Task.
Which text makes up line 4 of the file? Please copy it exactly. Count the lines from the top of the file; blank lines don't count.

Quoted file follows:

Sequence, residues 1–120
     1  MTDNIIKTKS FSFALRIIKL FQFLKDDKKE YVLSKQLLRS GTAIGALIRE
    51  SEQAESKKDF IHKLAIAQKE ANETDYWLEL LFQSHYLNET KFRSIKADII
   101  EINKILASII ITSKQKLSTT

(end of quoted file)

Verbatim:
   101  EINKILASII ITSKQKLSTT